It’s a document that describes the number of goods and their respective prices with calculated taxes and dates for payments. 

Unlike the sales order, an invoice is used to finalize the transaction, instead of initiating it. 

In a typical business environment, this is how things would go down:

  • If a business needed products, they would send a sales order to the seller, disclosing what products they want to buy and in what quantities. 
  • The seller would then send them a sales invoice, so the products could be paid for. 

And that’s pretty much it. 

As you can tell, a sales order is sent at the beginning of a business interaction, while the invoice is issued as the transaction moves to a close. 

Read more: Sales proposal templates

What Does a Sales Invoice Include? 

What makes a sales invoice such an important document is the information it contains. 

A sales invoice contains all the information that both the seller and the buyer need to fulfill their legal obligations. 

Since every business sale has to be taxed, invoices have taxes included for every item and are used by accounting. 

In addition, in case of a legal dispute, they are some of the most important documents you can present in court. 

An invoice also has trackable information and data that is valuable to both parties. 

When you have data such as quantities of sold goods, transaction dates, and prices listed, it’s immeasurably easier to keep track of the inventory and revenue your business is dealing with. 

As such, using sales invoices is a must for any modern business. 

When it comes to its content, your typical sales invoice would include:

  • A list of bought items or services
  • The total price of bought goods or services
  • The sales tax
  • The final date by which the goods must be paid

This collective data is the fundamental information that describes a transaction, and its role in everyday businesses can’t be understated.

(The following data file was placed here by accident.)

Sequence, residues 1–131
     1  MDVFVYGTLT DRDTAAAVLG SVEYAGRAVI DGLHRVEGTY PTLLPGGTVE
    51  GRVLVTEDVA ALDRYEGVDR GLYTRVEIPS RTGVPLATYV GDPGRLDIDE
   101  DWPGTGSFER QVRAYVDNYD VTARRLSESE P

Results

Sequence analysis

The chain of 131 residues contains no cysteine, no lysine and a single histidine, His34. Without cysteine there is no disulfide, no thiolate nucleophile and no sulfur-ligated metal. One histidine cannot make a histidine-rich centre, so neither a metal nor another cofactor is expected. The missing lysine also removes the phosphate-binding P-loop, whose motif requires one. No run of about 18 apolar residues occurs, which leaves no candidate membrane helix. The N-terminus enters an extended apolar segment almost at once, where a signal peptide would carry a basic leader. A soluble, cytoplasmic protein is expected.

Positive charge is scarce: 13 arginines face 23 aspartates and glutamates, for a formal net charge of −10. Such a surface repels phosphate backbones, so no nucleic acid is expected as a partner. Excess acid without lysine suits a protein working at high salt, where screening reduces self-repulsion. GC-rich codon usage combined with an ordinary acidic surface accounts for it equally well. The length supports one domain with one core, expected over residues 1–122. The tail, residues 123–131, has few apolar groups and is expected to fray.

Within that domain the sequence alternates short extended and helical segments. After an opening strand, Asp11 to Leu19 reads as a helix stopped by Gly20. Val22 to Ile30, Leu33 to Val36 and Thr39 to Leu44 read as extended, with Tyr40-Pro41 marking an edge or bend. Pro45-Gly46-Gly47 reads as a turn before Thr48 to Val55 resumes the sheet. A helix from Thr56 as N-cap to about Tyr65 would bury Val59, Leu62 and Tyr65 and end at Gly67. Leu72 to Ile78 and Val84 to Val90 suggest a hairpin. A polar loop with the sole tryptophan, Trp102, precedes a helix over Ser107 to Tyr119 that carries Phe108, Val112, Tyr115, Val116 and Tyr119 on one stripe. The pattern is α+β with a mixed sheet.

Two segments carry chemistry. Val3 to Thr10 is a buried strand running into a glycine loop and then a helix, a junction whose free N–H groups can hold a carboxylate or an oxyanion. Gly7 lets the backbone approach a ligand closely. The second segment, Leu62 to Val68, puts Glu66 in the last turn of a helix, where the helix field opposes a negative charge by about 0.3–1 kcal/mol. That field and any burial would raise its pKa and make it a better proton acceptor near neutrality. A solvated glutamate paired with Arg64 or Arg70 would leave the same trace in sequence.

Sales Invoice Templates for the Most Common Invoice Types 

There are many sales invoice templates out there and picking the perfect one for the specific needs of your business can be a challenge. 

Here is where we step in. 

In this section, we’ll be going through templates for the most common types of sales invoices. 

Commercial Invoice Template

A commercial invoice is essential in the business of international trade. 

It is a legal document that the exporter issues to the importer during an international transaction. 

A commercial invoice is absolutely mandatory since it acts both as a proof of sale between the two parties and as a contract of sale. 

If you want to do business internationally, you have to get familiar with commercial invoices. 

We have to note that a commercial invoice doesn’t include the ownership of the goods that are being sold, but it does hold all the key information concerning both parties in the trade deal. 

Regardless, it’s mandatory if you want to get customs clearance because the officials need it to calculate the taxes and similar fees. 

Talking about various different invoices can be confusing, so here’s a template of a commercial invoice provided by Sendcloud.

As you can tell, it contains key info regarding the goods that are being shipped, their value, and the information about the shipper/consignee. 

Now it’s time we talk about recurring invoices and their use in sales. 

Recurring Invoice Template

A recurring invoice is a particularly important document for businesses regularly doing trade with the same customers.

Automating your invoices with software solutions is a time-efficient way of doing business. 

When you repeatedly do business with a particular customer and enter the same details on every invoice, you can use recurring invoices to expedite the process. 

Thanks to recurring invoices, managers and administrators don’t have to spend time filling out every single invoice form and can easily focus on more complex tasks. 

A major benefit of recurring invoices is that they eliminate mistakes. 

Since they are generated using software tools, there’s no risk of human error, which saves businesses a lot of trouble. 

If you rely on handwritten invoices, when one is not filled correctly, you can end up having to deal with a variety of disrupting and costly issues. 

This is what a recurring invoice template looks like, provided by Invoice Templates.

It includes the same basic information as a regular sales invoice, but invoice tools fill them in automatically and prep them for sending. 

To avoid all the risks of error that come with filling in invoices, as well as save precious time, you should consider using a recurring invoice template. 

Pro Forma Invoice Template